DREAMLAND: Margot Robbie Robs Banks and Steals Hearts

Thanks to her powerful screen presence, transformative acting ability, and timeless beauty, Margot Robbie is the rare 21st-century actor who can show up in a film set during pretty much any time period without seeming out-of-place. In Dreamland, which Robbie also produced through her LuckyChap Entertainment shingle, she’s dropped into the middle of 1930s Texas as fugitive bank robber Allison Wells, a Bonnie who finds her unlikely Clyde in the former of a wannabe bounty hunter played by Peaky Blinders’ Finn Cole. Robbie is perfectly cast as a complex woman whose outlaw glamour belies her inner darkness, and it is around her that the rest of the film slowly revolves.

Dust and Daydreams

Eugene Evans (Cole) spends most of his life engulfed in fantasy, though one cannot blame him too much considering the economic strife that plagues his small Dust Bowl town. When he’s not stealing and hoarding pulpy detective comics in his family’s empty barn, he’s fantasizing about getting out from under the oppressive thumb of his stepfather, local deputy George Evans (Travis Fimmel), and finding his birth dad, who abandoned Eugene and his mother (Kerry Condon) many years ago for the bright sun and sparkling blue water of the Gulf of Mexico.

Eugene has the chance to make at least one of these dreams a reality when he learns that notorious bank robber Allison Wells has been seen in the area, with a $10,000 bounty on her head due to the trail of bodies she has left in her wake. Desperate for money and excitement, Eugene decides to track her down. But before he can make any headway in his search, Allison shows up in his barn with a bullet hole in her leg, claiming she’s not the heartless killer the authorities have made her out to be and begging Eugene for help. Needless to say, it’s all too easy for Eugene to fall under the spell of a beautiful woman who appears to have walked straight out of the pages of his books and into his life.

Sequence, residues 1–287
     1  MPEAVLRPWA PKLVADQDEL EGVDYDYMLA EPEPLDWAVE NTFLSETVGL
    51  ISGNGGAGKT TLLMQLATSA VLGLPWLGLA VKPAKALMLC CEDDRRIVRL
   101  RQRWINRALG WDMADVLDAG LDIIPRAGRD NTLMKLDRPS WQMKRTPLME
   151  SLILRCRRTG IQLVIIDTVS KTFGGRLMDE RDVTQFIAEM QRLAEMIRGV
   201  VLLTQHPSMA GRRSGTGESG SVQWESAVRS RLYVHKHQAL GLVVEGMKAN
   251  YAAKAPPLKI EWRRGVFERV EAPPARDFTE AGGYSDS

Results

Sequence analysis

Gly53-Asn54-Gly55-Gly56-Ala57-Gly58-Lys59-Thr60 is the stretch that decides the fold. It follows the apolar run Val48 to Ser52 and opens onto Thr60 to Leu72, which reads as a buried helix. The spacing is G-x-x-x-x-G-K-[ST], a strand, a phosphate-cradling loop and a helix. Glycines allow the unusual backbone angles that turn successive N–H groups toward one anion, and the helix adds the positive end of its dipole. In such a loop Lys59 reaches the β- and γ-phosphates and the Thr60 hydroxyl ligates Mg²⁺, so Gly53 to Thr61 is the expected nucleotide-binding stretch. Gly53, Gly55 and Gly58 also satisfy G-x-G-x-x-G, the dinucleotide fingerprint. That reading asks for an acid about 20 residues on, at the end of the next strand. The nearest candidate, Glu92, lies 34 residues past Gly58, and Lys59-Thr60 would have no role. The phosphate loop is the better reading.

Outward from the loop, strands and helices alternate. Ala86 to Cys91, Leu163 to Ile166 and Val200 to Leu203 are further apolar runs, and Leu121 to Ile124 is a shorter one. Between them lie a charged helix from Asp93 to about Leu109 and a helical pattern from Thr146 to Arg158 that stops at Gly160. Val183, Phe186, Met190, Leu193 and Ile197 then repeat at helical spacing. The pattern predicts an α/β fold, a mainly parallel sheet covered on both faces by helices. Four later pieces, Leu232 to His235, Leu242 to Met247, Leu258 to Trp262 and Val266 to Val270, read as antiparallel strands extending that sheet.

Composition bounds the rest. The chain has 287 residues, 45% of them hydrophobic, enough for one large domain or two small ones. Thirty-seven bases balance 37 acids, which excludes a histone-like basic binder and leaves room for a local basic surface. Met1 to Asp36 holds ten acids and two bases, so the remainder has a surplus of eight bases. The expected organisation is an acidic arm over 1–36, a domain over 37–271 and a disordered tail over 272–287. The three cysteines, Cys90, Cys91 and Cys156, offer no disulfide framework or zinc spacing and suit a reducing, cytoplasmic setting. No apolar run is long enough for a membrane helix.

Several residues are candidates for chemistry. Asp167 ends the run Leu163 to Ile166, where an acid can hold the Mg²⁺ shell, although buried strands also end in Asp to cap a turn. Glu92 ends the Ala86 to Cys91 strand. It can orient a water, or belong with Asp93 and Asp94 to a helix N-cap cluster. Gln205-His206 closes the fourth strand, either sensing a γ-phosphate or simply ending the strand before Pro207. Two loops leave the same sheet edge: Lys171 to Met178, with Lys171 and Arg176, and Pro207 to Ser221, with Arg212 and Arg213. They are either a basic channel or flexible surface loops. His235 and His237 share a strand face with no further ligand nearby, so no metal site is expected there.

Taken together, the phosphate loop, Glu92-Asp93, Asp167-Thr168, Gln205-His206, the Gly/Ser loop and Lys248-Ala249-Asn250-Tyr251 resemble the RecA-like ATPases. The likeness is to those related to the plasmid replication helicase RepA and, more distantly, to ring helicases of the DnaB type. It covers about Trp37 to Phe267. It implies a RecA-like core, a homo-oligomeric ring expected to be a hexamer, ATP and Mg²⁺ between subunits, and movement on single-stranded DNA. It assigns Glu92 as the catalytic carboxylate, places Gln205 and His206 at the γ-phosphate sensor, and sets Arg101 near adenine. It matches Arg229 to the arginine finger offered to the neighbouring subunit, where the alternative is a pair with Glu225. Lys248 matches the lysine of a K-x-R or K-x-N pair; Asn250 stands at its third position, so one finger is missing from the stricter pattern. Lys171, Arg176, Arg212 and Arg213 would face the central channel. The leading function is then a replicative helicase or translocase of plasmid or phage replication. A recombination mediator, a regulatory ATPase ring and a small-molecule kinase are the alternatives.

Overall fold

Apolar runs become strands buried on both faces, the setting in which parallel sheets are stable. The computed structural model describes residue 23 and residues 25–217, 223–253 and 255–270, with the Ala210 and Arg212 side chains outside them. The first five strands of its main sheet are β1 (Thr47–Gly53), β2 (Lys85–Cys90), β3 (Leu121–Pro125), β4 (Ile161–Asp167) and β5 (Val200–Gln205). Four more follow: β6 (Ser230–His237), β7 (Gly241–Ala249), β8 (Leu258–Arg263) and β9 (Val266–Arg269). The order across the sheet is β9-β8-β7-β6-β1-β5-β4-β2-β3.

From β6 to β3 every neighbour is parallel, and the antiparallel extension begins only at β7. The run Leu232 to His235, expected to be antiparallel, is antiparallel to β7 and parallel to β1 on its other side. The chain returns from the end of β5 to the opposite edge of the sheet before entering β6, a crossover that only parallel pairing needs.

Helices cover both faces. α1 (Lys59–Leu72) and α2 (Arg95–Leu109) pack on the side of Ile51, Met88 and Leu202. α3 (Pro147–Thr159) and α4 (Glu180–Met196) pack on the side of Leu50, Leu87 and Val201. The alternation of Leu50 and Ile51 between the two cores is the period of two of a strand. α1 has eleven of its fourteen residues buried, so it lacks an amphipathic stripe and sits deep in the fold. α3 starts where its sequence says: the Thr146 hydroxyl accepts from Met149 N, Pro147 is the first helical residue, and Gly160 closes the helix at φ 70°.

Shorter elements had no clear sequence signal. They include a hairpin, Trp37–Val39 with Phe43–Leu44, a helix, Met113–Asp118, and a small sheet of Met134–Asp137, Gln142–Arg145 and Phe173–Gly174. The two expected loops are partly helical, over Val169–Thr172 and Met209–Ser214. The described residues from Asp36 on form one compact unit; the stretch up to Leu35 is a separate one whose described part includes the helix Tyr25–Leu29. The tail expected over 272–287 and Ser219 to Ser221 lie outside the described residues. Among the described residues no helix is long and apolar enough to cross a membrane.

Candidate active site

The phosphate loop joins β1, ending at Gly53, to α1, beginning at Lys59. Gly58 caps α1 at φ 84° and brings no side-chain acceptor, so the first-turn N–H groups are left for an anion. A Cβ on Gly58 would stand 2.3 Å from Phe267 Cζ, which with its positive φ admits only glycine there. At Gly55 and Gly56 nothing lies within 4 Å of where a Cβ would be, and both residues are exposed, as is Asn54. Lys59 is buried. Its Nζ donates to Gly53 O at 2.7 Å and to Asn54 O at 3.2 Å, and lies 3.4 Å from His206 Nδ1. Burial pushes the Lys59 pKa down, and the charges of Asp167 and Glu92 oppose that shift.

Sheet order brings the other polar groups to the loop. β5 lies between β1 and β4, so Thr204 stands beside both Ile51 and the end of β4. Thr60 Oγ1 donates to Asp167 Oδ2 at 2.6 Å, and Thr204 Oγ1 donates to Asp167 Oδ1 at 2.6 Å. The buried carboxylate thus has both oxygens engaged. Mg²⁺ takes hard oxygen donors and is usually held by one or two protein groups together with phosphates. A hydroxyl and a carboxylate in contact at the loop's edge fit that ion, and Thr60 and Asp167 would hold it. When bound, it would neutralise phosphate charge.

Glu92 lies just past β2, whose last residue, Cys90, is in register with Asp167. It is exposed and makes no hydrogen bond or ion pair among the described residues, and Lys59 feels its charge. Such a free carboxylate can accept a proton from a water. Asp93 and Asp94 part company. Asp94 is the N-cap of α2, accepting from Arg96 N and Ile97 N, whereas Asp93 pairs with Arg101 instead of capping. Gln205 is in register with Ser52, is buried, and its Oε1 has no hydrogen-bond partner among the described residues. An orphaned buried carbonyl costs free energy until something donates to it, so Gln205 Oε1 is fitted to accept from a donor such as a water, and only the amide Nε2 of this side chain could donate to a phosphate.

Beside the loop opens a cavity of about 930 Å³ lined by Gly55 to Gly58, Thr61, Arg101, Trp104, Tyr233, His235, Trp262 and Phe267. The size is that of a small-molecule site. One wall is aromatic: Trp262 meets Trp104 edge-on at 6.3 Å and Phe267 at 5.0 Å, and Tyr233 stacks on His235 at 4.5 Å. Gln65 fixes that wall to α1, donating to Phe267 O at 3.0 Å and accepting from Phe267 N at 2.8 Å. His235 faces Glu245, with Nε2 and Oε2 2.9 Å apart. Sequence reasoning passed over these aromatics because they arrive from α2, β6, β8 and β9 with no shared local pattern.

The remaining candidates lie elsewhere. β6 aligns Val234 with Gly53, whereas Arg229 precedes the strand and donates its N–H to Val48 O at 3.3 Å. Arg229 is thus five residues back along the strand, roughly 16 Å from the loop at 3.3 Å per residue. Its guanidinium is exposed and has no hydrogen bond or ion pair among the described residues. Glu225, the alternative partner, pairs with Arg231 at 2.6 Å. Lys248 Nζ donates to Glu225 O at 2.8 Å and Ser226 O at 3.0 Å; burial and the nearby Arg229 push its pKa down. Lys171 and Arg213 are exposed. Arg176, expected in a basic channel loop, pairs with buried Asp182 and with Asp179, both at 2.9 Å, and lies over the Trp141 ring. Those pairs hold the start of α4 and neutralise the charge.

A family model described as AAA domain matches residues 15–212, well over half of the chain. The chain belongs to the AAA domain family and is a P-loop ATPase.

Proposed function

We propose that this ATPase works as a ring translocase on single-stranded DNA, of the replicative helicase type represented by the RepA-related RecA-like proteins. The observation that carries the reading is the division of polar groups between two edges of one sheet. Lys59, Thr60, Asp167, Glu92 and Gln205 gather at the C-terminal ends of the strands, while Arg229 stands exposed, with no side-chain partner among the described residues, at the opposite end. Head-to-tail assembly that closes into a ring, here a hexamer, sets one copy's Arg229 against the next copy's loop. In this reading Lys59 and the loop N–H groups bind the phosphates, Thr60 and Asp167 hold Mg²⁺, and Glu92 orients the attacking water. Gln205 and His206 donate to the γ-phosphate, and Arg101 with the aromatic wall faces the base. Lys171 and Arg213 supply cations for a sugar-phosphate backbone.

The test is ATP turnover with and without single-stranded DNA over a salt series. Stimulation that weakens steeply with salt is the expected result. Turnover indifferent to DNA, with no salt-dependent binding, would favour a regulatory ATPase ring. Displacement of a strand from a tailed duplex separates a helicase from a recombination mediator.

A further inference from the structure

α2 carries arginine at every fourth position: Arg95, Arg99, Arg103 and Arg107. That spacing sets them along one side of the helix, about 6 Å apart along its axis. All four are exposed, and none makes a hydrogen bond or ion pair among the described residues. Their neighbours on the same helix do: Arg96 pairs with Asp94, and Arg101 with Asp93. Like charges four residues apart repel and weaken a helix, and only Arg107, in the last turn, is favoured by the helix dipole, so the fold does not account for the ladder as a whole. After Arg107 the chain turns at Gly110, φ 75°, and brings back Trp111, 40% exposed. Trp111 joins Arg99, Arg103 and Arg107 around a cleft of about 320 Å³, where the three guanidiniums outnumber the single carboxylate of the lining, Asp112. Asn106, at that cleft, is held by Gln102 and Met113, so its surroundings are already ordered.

DREAMLAND: Margot Robbie Robs Banks and Steals Hearts
source: Paramount Pictures

Allison tells Eugene that if he can get her a car so she can drive to Mexico, she’ll reward him with double the bounty on her head. Eugene is all too willing to help, but only if he can go with her. In love with Allison — or at least, in love with the idea of her that she has fed him for her own benefit — Eugene is willing to risk it all to help her escape, all the while hoping that once they arrive in Mexico, he can potentially track down his father. Naturally, it’s only a matter of time before Eugene realizes that the harsh reality of his new life as an outlaw only bears a passing resemblance to the romantic escapade he envisioned.

Mad for Malick

While the initial comparison one might make is to the classic outlaw romance Bonnie and Clyde, the biggest influence on Dreamland director Miles Joris-Peyrafitte and screenwriter Nicolaas Zwart appears to be the cinema of Terrence Malick. The film contains echoes of Malick’s debut feature, Badlands, starring Martin Sheen and Sissy Spacek as two young people in love and on the run, and his dreamlike second film, Days of Heaven, starring Richard Gere and Brooke Adams as another set of young lovers trying to find a way out of trouble while working as farm laborers in the Texas panhandle. (Needless to say, it cannot hold a candle to these classics, but one does appreciate the effort.)

In particular, Dreamland’s earnest voiceover, courtesy of Eugene’s younger sister Phoebe (played by Darby Camp as a young girl and voiced by Lola Kirke as an adult), is clearly influenced by the rambling narration of Linda (Linda Manz), the younger sister of Gere’s character in Days of Heaven. However, Phoebe’s nostalgic telling of her brother’s story lacks the abstract beauty of Linda’s mostly improvised monologues and doesn’t really add much to the film apart from really emphasizing how much these filmmakers like Terrence Malick.